9/11 has changed the life of Muslims substantially. Almost overnight, they became the target of media-hype, various "anti-terror" efforts, religious intolerance and hate crimes.
So how do we halt this group's operation and increasing violence? How do we express our outrage and anger without disseminating the propaganda and assisting the enemy? Here are 7 ways that I believe an ordinary person can help fight ISIS.
Among a slew of critical issues in India, secularism is what must be preserved above all. It is at the very core of India's multi faith based society.
These tragic incidents received a mere fraction of the attention they should have. While the focus of late has been on #BlackLivesMatter, it is important to address the violence visited upon other groups, including religious and ethnic minority groups -- whether by terrorists, vigilantes or police who believe they have a right to monitor and take not only black lives, but brown lives too.
On the world's stage, Jews and Muslims are viewed as mortal enemies. This weekend in our synagogue, we demonstrated that not only do Jews and Muslims have the capacity to be at peace -- they can even be friends.
Muslim Americans will tell us how we can best be their allies. We don't need to enter into the debate on the true nature of their religion. Rather, we should stand shoulder-to-shoulder with our Muslim friends as they work out what they believe is "very Islamic" today.
The Seventh-day Adventist church and those diverse organizations who joined our amicus brief hope and pray that the Supreme Court strikes down the Tenth Circuit Court's unreasonable ruling that the burden is on a job applicant to ask for a religious exemption for rules he or she doesn't even know exist.
The consequences of such attacks are disturbing to all. But, as a Muslim, this means, more intentional random checks by TSA, when traveling. I got randomly selected twice in a row at the same airport on my last business trip.
Labels such as, Islamic Republic, Islamic Finance, or Islamic State, are an exercise in hubris arrogantly suggesting that whatever takes place under such banners is sanctioned by Islam.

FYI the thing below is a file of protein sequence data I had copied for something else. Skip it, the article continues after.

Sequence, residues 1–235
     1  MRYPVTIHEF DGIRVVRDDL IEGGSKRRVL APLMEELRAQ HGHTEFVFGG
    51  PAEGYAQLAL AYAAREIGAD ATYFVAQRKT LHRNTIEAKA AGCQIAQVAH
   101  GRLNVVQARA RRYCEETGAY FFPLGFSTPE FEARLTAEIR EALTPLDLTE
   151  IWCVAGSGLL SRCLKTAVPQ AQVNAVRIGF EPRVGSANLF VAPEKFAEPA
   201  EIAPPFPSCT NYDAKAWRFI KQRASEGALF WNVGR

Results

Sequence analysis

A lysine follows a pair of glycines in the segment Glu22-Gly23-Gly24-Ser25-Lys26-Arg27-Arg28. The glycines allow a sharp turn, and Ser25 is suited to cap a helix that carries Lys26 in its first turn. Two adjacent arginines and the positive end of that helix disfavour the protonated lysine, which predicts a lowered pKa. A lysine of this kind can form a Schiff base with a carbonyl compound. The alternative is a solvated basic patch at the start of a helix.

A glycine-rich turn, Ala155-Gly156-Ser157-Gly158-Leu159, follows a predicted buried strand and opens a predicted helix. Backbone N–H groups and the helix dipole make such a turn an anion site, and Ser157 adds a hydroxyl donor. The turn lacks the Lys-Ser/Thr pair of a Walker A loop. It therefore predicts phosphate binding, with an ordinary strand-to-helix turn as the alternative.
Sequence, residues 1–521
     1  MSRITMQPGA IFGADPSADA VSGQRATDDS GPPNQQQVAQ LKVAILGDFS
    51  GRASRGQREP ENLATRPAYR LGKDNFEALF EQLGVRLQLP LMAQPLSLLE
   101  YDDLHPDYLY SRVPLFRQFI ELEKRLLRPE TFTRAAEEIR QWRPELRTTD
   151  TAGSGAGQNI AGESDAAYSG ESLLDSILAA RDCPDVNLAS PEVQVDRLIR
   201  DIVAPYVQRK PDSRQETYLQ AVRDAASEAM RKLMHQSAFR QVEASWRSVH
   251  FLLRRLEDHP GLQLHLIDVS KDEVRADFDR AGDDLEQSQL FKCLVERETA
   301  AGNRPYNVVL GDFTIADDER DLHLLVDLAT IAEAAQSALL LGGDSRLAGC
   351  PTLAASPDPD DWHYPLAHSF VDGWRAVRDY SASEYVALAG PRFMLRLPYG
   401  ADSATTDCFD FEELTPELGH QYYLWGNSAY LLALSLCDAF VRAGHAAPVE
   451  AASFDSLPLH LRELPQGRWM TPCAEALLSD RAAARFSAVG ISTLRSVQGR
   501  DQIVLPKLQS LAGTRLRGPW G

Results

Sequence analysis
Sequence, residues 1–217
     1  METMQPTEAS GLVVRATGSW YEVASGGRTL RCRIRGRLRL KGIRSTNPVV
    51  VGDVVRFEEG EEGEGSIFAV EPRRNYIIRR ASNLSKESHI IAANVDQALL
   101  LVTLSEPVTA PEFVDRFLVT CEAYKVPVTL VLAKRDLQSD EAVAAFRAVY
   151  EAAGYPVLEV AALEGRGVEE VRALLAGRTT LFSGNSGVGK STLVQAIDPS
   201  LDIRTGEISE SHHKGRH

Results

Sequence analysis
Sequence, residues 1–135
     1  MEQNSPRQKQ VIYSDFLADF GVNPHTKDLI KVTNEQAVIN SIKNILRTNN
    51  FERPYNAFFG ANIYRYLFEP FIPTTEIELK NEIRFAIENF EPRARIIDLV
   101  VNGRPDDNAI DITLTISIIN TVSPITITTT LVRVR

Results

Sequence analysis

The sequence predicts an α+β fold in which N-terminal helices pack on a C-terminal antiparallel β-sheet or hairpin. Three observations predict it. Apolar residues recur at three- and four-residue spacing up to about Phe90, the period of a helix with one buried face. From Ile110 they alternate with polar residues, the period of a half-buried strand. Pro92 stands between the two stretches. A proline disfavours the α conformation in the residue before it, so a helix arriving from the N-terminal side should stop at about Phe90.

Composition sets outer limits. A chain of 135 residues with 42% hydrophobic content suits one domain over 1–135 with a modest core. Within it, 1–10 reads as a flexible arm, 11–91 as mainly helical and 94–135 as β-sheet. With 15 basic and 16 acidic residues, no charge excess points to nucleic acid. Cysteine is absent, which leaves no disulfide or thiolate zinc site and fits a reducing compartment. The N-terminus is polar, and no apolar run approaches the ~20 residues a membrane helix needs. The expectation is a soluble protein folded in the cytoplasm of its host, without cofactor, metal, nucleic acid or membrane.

The crisis of Islam today, as it fragments into antagonistic factions, bears some resemblance to that of Christianity in the sixteenth century. Yet even detailed historical patterns can be like faces that we see in clouds, landscapes that we see in agate, or prophesies of the Delphic oracle.
It probably applies to both genders. I should start by saying this is not a scientific sampling; it's just women I met from different religions and backgrounds. This is what I found from my own interviews:
We asked Muslim women to tell us the worst pick up lines they've received. Here are the results.
They both offered a human shield -- in the best sense of the term -- protecting one of the most visibly Jewish locations in their city and condemned the murder last week of Dan Uzan, a Danish Jew, at a Copenhagen synagogue. These Oslo Muslims brought a message of peace and tolerance, one that rejects hate. They chanted, "No to anti-Semitism! No to Islamophobia!"
President Obama had a very specific goal in mind for his speech, and that goal is to defeat ISIL by enlisting the support of Muslims worldwide against it. That's why he talked about ISIL the way he did, and that's why he's right to deny ISIL the legitimacy that would follow if he called them "Muslim" or "Islamic" or even "Islamist," no matter how accurate the terms may be.
If in fact groups like ISIS are the true face of Islam, and if the propaganda that Muslim Americans engage in "stealth Jihad" to take over the country is true, why should my neighbor not look at me with suspicion and disgust?
You could watch the news and conclude that countering this threat from ISIS and al Qaeda is a "Muslim problem." That isn't the case however -- this is a threat that impacts the wellness of all of our communities and tests the strength of our founding principles.